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Born: Malmö, Sweden, 8 June 1930.
Died: 1 May 1997.

Already acclaimed as one of the leading novelists of his generation, Widerberg turned to film criticism in the early 1960s. In 1962 he published a collection of essays, Vision in the Swedish Cinema, which vociferously denounced Swedish film as rarified and oblivious to everyday, contemporary issues; Ingmar Bergman was singled out as the primary offender. The following year, Widerberg turned from fiery prose to practice, directing his first feature, The Baby Carriage (1962). Widerberg gained international acclaim with the lyrically photographed Elvira Madigan (1967), which tells the true story of a doomed love affair in morally oppressive 19th-century Sweden. He subsequently made two glossy but effective films centered on the plight of the working class; Adalen 31 (1969), about a bloody strike in Northern Sweden, which won a Special Jury Prize at Cannes, and Joe Hill (1971), a biopic of the legendary American labor leader. A punctilious craftsman, Widerberg has since made only a handful of films, none of which have garnered the acclaim of his earlier efforts.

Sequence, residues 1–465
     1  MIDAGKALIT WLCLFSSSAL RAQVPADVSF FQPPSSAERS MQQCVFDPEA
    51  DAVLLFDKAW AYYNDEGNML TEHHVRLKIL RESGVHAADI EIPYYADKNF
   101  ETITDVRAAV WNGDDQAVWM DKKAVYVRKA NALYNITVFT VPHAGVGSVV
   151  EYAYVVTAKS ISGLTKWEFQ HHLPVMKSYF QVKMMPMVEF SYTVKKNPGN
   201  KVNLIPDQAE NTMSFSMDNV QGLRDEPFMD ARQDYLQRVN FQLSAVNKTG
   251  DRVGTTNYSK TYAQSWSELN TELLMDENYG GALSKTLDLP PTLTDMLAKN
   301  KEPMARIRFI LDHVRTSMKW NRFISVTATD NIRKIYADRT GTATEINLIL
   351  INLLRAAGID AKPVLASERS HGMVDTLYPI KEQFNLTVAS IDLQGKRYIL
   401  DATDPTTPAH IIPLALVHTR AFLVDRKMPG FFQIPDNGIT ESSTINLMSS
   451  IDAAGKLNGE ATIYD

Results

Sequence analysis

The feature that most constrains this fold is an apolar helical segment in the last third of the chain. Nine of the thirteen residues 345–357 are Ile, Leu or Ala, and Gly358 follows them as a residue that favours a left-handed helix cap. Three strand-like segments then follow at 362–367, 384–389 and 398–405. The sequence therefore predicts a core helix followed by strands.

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This page was last updated on 4 September 2000.